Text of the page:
Offshore Drilling in Alaska’s North Slope
Since 2007, a warming Arctic sea has seen dramatic reductions in summer sea ice. This has allowed energy companies like Shell to contemplate how to extract some of the 22% of the world’s undiscovered energy resources that the US Geological Survey estimates are under the Arctic Sea.
Shell is preparing to send exploration ships to the Chuckchi and Beaufort Seas this summer to explore for oil. They have received permission from the EPA and Department of Interior, and are awaiting permits from the National Marine Fisheries Service and the Fish and Wildlife Service. While these are expected to go through, we should expect to see some significant litigation between now and then. Shell plans to bring about 30 ships and over 500 people to handle the exploration operations. The U.S. Coast Guard, too, will operate a full-time presence in the Arctic this summer for the first time, with a Cutter on patrol at each of the drilling sites. There will be more people off that stretch of beachfront — over 1000 miles from the nearest deepwater port — than probably has ever been there.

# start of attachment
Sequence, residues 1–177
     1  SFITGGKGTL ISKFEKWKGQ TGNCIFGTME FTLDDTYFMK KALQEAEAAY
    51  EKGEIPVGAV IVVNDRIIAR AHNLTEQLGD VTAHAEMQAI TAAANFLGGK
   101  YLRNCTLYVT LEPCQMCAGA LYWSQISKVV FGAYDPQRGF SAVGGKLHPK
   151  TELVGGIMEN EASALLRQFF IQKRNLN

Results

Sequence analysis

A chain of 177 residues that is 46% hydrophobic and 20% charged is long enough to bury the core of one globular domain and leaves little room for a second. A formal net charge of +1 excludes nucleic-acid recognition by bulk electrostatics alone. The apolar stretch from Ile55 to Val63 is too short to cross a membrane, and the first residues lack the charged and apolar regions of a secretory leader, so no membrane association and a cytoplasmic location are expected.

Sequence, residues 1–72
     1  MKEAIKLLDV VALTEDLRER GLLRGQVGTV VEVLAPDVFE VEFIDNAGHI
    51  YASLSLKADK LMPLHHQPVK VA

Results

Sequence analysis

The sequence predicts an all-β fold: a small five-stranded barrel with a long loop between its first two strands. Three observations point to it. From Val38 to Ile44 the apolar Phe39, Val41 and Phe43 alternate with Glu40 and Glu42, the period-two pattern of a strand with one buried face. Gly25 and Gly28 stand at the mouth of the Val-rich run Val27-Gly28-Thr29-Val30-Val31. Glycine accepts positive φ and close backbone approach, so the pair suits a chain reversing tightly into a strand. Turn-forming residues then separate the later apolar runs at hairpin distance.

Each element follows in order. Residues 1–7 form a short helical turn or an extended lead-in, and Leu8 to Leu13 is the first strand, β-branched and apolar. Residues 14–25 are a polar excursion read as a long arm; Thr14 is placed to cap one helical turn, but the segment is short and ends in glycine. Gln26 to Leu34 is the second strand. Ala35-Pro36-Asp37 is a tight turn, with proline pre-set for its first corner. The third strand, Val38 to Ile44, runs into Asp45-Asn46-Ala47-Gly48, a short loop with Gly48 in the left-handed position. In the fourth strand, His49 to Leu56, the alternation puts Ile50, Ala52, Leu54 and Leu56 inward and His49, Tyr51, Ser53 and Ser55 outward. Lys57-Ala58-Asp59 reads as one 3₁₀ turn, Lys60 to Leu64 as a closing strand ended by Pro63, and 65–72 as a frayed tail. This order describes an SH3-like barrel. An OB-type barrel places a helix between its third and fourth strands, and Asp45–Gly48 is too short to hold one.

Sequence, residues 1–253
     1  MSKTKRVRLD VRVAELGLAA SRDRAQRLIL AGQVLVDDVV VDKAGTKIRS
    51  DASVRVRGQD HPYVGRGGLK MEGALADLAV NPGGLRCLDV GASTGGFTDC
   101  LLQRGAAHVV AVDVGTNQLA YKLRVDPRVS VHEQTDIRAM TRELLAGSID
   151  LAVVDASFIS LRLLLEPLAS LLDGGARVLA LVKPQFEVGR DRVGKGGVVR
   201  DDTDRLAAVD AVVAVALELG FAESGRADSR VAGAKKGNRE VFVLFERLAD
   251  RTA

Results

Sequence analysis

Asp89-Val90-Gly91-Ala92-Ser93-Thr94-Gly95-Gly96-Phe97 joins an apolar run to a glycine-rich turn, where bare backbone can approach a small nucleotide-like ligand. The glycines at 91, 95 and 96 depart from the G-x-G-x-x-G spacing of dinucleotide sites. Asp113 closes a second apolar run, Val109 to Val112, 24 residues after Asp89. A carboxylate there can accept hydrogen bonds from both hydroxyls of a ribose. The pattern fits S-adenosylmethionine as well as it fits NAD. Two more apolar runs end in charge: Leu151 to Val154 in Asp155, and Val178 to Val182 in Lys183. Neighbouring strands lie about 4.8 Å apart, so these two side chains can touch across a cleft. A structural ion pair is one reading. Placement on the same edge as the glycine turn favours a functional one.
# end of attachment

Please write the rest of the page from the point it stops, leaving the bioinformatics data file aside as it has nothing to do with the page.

I understand that the sea floor in this area is fairly shallow, so the technical problems of drilling at high depth that we all became familiar with during the Deepwater Horizon disaster will not be there. Instead, we will see entirely different threats, like surface ice and severe storms. Shell has experience operating in Russia’s Sea of Okhotsk, but this will remain an extreme environment.
If all goes well, Shell anticipates that the first production of oil will begin in less than ten years, and peak production will be about 1.7 million barrels of oil per day.
Blocking ANWR Production led to Offshore Drilling
Notably, that production figure for offshore oil will be just enough to bring the TAPS back up to full capacity. I believe that if exploration in ANWR had not been blocked, there would not be a push to drill offshore. With new oil pumping through the pipeline, there would not have been enough capacity to accommodate offshore drilling as well. However, as it is now, offshore drilling is the only way to increase capacity to meet the capacity limits of the pipeline. So long as this already existing infrastructure is not fully utilized, there will be pressure, both from oil companies and from Alaska’s politicians, to fill the pipeline.